Romans (5)

Read – Romans 1.1-18

Why does Paul begin with such a bold (?), strange (?) statement:  ‘I am not ashamed of the gospel?’   Does he assert this because he does not know most of the Christians in Rome and he’s unsure what they’ve heard about his preaching?  Is he upset about the discord in the house churches in Rome and how it might compromise their witness?  Is he making a bold assertion that this gospel is world-transforming, a challenge even to the Empire?

Here are some questions to ponder as you read this text:

1      Why does Paul describe himself as a ‘slave’ of Jesus Christ (v.1)?  Is this kind of language offensive to you?  What word would you use to describe your relationship with Christ?  With God, and the Holy Spirit?

2      Note the use of ‘power’ language which brackets the letter [1.4; 1.16; 15.13,19].

3      To whom is Paul ‘obligated’ to preach (v.14-15)?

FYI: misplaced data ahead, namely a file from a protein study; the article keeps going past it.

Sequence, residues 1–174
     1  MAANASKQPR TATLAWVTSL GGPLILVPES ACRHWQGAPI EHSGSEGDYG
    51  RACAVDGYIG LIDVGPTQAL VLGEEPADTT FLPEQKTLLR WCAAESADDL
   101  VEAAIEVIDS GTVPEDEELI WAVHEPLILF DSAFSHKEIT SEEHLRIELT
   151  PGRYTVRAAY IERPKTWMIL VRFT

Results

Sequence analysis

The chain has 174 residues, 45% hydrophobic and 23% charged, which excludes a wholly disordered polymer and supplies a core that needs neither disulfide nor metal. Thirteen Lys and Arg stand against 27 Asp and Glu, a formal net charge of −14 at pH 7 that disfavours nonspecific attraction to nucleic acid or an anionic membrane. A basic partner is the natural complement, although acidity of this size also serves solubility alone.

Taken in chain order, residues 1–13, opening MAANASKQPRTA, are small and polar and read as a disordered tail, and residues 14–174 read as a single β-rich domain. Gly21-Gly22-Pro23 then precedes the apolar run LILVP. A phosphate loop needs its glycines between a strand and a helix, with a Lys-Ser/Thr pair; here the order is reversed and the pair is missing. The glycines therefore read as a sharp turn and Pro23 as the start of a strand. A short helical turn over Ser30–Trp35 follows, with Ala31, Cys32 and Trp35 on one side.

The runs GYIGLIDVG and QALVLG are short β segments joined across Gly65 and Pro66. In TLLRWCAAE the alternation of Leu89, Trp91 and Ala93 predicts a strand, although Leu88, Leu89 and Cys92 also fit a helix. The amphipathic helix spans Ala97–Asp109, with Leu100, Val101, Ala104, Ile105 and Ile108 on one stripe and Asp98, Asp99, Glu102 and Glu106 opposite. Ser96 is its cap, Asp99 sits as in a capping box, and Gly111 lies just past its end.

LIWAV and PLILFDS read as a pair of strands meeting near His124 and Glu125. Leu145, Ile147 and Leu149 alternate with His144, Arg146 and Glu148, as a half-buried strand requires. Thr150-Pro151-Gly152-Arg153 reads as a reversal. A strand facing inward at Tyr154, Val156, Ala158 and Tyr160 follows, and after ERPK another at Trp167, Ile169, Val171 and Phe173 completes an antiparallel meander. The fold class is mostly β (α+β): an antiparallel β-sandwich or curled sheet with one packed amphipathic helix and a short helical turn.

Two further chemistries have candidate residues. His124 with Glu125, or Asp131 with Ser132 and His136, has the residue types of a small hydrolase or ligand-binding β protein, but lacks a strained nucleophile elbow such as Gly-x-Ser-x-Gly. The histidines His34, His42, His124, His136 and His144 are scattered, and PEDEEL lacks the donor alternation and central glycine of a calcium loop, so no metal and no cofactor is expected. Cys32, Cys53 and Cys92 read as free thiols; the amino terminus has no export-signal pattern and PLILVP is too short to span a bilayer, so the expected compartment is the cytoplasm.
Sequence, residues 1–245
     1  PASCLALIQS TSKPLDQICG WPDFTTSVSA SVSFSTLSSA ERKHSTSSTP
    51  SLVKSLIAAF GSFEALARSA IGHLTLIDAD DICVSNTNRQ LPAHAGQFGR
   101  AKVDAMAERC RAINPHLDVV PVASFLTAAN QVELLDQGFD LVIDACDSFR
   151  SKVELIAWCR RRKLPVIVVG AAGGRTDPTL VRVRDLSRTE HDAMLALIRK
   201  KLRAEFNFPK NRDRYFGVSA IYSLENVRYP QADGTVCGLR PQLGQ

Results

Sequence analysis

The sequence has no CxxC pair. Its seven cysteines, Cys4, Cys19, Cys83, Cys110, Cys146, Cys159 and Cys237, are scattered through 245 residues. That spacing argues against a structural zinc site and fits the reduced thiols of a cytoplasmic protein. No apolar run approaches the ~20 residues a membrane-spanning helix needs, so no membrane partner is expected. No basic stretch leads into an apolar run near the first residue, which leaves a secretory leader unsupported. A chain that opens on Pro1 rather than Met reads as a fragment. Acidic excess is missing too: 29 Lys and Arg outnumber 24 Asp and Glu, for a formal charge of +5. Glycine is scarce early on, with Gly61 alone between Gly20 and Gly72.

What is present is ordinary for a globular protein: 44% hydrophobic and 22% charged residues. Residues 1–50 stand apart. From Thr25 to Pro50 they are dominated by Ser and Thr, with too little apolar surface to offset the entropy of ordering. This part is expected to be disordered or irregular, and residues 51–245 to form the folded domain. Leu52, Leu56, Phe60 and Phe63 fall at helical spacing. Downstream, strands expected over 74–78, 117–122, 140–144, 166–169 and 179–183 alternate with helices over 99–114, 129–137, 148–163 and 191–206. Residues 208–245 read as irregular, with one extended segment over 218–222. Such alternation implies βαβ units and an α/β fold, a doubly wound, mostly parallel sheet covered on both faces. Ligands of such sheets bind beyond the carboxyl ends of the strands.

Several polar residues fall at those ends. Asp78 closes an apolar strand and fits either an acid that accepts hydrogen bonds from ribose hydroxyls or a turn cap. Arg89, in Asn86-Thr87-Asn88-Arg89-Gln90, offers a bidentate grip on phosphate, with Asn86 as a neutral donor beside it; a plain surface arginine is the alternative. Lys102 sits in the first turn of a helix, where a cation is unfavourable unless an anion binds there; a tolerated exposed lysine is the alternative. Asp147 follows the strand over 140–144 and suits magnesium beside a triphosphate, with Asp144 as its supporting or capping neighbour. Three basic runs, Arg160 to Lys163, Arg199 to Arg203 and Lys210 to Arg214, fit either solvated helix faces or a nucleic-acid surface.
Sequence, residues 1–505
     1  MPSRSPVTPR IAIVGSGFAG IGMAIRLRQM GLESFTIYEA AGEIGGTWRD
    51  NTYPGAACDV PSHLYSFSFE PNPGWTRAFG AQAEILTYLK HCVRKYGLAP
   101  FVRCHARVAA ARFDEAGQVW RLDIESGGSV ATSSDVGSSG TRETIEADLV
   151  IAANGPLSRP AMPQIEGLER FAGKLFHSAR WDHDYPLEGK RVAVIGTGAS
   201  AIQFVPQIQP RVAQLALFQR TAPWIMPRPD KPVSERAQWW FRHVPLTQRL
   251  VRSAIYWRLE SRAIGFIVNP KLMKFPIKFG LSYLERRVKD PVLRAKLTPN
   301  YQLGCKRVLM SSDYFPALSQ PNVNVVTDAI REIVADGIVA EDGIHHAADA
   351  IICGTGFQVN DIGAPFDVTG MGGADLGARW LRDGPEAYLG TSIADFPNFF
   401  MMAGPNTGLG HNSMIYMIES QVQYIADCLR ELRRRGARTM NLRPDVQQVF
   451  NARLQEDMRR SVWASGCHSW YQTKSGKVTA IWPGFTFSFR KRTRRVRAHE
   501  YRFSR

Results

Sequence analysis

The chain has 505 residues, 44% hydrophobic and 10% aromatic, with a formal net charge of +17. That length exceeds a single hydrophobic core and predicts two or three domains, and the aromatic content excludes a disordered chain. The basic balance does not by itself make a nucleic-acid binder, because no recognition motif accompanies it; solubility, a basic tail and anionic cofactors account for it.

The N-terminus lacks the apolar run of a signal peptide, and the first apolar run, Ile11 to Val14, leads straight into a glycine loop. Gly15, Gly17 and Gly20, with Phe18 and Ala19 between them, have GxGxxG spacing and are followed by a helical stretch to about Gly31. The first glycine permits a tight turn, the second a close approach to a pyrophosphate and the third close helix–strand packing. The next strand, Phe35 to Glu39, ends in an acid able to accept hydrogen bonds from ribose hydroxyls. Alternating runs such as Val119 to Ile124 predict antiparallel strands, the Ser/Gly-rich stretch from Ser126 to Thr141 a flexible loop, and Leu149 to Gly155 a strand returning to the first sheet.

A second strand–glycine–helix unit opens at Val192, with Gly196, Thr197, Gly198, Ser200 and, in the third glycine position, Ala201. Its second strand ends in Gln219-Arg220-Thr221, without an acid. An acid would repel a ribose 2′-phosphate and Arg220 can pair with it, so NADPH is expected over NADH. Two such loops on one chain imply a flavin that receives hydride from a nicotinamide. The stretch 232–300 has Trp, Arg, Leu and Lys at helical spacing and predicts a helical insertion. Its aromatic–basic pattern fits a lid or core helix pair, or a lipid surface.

4      Reread Paul’s thesis statement in 1.16-18.  Can you describe in your own words the gospel Paul will preach to the house churches in Rome?

5      The word ‘all’ is emphatic, repeated in vs.7 & 8.  All are loved by God and called saints.  Narrow definitions of who is in or out are rejected from the beginning of the letter.  I invite you to listen to the following two songs: folk expressions of ‘who is in or out.’   Curtis Mayfield’s ‘People get ready’ became a kind of theme song for the Civil Rights movement during the 1960s.

Some years later Bruce Springsteen wrote ‘Land of hope and dreams, in part a tribute to Mayfield.  

What differences do you note in the lyrics? 

PRAYER:  God of hope and glory, thank you for your world-transforming message that touches each of us and the entire cosmos.  Give us some of Your greatness of vision, we pray.  AMEN